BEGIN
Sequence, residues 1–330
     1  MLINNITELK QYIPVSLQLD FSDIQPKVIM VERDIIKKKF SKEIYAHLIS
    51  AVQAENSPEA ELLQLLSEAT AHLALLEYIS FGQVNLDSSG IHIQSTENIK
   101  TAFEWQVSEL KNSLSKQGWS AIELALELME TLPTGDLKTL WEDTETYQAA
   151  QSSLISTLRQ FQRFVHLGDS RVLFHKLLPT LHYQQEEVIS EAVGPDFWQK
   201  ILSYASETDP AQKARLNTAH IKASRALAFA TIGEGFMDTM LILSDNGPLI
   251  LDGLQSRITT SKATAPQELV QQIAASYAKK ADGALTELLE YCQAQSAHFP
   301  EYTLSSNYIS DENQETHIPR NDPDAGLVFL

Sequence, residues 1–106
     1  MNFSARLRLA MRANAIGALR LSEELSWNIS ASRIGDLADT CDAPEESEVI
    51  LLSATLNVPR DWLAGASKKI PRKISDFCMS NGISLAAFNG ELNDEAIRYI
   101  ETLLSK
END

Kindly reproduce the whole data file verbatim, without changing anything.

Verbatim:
Sequence, residues 1–330
     1  MLINNITELK QYIPVSLQLD FSDIQPKVIM VERDIIKKKF SKEIYAHLIS
    51  AVQAENSPEA ELLQLLSEAT AHLALLEYIS FGQVNLDSSG IHIQSTENIK
   101  TAFEWQVSEL KNSLSKQGWS AIELALELME TLPTGDLKTL WEDTETYQAA
   151  QSSLISTLRQ FQRFVHLGDS RVLFHKLLPT LHYQQEEVIS EAVGPDFWQK
   201  ILSYASETDP AQKARLNTAH IKASRALAFA TIGEGFMDTM LILSDNGPLI
   251  LDGLQSRITT SKATAPQELV QQIAASYAKK ADGALTELLE YCQAQSAHFP
   301  EYTLSSNYIS DENQETHIPR NDPDAGLVFL

Sequence, residues 1–106
     1  MNFSARLRLA MRANAIGALR LSEELSWNIS ASRIGDLADT CDAPEESEVI
    51  LLSATLNVPR DWLAGASKKI PRKISDFCMS NGISLAAFNG ELNDEAIRYI
   101  ETLLSK